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How Sweet the Sound

I'D gone "over home," as they say in Savannah, referring to a visit to any place called home that is away from town and above sea level. If you go visit your mama in Charleston, Macon, Atlanta, or Columbia, it's still "over home." At my mama's house in the country, I'd picked up pecans, thin-hulled Stuarts, and discovered some scuppernongs. I'd eaten those sweet grapes with their thick, bronze skins until my lips itched, just the way I did as a child.

Mama came into the room where I was packing. "You sound just like your grandmama," she said.

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"What do you mean?" I asked.

"You ... singing those old hymns all the time. She used to do that too."

I promise you, I was totally unaware that I was singing at the time, much less that I was singing an old hymn.

Lead Kindly Light' was always one of her favorites," Mama said.

If someone had awakened me in the middle of the night and said, "Quick, what's the first line of 'Lead Kindly Light I would have been speechless if not songless.

Why always hymns, I wondered. I'm not the only person brought up in a Presbyterian household with a grandmother who sang. My brother doesn't do it. Of course, he can't carry a tune in a bucket so that could account for that, I suppose. But Huberta Marguerite, my grandmother, sang softly as she sewed or made pie crust. I've heard her whistle to the birds as she fed them. Wild birds flocked around her in the garden. She could talk to them, cheeping away as she fed them. I always wanted to do that but they would disappear as soon as I appeared, unable to share her magic.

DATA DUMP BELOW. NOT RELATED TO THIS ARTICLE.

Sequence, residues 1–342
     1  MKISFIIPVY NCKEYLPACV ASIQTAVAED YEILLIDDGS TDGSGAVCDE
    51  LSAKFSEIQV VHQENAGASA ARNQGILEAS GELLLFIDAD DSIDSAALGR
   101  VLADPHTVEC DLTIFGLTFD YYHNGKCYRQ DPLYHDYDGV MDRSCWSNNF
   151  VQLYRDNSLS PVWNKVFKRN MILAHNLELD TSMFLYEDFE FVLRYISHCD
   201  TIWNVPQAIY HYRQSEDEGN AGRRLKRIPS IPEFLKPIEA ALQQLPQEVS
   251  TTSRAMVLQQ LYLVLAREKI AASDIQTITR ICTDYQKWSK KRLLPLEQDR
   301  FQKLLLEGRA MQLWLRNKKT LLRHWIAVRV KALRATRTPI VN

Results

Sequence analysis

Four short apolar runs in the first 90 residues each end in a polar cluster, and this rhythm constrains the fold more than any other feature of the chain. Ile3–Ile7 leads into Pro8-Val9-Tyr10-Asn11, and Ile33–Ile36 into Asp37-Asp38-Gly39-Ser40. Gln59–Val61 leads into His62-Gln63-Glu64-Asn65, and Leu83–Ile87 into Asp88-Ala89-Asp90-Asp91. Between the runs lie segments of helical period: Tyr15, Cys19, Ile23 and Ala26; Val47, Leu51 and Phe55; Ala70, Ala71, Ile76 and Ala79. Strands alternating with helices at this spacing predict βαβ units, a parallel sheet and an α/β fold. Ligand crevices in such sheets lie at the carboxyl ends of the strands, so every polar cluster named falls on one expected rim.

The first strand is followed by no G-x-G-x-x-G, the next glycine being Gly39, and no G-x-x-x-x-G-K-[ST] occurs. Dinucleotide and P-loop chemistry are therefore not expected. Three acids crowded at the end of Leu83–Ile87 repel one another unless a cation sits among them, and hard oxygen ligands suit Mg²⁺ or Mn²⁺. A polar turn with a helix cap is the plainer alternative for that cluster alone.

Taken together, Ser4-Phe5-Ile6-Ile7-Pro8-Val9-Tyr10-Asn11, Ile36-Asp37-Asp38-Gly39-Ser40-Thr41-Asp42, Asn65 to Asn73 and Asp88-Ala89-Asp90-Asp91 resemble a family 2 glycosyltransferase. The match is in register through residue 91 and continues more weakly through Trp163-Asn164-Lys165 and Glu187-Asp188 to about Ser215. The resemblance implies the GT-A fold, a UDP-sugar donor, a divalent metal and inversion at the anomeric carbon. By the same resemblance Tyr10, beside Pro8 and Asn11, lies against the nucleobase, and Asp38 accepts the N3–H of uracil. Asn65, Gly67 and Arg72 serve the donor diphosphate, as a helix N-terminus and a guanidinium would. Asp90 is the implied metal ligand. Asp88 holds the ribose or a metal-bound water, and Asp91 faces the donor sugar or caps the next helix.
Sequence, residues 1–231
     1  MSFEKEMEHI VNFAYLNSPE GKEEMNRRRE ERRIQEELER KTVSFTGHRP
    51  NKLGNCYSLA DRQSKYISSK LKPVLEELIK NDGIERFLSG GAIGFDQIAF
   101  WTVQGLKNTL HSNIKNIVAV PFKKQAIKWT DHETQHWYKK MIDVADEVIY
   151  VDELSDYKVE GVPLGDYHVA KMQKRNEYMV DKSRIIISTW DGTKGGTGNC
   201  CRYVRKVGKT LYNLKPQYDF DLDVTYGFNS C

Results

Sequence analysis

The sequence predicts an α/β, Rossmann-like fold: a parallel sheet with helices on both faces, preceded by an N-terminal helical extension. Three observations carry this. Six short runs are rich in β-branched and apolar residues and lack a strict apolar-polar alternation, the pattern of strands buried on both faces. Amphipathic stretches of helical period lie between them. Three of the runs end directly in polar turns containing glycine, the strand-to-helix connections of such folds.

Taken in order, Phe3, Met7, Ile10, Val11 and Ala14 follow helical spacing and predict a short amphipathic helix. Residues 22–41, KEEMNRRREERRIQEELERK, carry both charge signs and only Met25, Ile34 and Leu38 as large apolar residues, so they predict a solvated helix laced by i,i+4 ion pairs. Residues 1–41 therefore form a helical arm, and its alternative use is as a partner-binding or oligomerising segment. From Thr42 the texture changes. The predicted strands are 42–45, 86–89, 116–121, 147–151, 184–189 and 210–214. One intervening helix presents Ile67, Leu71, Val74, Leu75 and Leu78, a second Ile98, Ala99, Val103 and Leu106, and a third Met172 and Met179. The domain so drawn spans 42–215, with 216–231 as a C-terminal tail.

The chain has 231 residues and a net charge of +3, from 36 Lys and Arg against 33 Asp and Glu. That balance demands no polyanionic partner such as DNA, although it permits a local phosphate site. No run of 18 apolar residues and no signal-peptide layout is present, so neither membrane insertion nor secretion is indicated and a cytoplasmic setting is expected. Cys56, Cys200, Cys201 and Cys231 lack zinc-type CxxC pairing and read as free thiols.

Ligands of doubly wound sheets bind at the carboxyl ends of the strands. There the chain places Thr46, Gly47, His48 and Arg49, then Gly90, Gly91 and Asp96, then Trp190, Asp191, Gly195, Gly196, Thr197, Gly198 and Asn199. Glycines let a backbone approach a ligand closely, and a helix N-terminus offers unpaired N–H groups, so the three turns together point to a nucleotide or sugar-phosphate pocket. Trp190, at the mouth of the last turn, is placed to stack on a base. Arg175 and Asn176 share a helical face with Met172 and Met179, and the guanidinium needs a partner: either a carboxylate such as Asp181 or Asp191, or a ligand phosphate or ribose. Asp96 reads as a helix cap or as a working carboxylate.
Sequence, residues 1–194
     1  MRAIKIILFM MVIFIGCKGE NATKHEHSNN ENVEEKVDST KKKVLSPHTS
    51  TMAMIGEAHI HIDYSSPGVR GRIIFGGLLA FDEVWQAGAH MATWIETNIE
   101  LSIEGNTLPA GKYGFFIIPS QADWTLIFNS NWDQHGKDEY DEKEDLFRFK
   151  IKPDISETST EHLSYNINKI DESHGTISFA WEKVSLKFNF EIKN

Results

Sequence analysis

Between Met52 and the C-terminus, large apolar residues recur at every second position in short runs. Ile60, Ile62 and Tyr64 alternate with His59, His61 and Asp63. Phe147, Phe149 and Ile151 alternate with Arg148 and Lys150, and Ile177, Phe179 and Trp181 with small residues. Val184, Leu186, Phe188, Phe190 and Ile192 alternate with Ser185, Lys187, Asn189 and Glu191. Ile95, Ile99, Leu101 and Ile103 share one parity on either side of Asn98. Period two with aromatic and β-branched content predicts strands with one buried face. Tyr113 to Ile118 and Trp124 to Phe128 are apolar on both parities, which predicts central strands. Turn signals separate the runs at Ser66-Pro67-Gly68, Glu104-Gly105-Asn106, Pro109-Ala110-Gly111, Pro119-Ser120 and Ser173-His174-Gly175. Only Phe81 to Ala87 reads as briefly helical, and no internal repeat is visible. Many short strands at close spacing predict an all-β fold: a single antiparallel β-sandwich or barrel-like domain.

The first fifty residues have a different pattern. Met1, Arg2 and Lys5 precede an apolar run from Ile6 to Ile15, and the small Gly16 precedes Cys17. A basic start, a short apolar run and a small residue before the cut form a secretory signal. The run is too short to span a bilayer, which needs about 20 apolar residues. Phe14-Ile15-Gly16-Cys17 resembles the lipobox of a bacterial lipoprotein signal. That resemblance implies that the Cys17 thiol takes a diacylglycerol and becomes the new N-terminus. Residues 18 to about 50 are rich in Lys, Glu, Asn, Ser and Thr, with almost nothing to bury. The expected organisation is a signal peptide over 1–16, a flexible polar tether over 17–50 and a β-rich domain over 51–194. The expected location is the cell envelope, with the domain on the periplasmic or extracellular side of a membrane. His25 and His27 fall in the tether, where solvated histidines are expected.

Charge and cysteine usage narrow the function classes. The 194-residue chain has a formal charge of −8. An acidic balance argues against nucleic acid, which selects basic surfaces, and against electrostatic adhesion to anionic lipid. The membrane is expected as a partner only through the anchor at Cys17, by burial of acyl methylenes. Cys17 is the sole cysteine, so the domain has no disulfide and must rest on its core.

Evidently I sing a lot and whistle, too.

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Not long ago, I was walking through Wright Square and paused to wait for the traffic to make the turn so I could cross York Street. An older lady looked at me as we waited. "That's one of my favorites, too," she said.


Amazing Grace.' I heard you whistling it as you came through the square. It takes me back."

It takes me back, too.

When I was a child, I had a friend named Obie Joyful. Obie loved everything with wings ... birds, planes, angels. I suppose Obie was what would have been called an idiot savant had he lived someplace other than rural Alabama. But in the part of the South where I grew up, Obie was simply called "afflicted." Obie had two special gifts: He could tell you the mileage of every car that ever came through town and stopped at the stoplight long enough for him to stick his head in the window and read the odometer , and he could sing like an angel. "Amazing Grace" was Obie's favorite hymn.

I remember once, when Obie and I were sitting at the table in my aunt's kitchen watching Polly, my aunt's cook, make biscuits for dinner.

When she'd put aside the biscuits for dinner, Polly made two big, fat "cathead" biscuits for Obie and me. We poked holes in the hot biscuits and filled them with butter and cane syrup, licking the sweet mixture off our fingers. Obie didn't talk much, and never while he was eating. When we finished this gourmet feast, Obie began to sing. Amazing grace, how sweet the sound, That saved a wretch like me...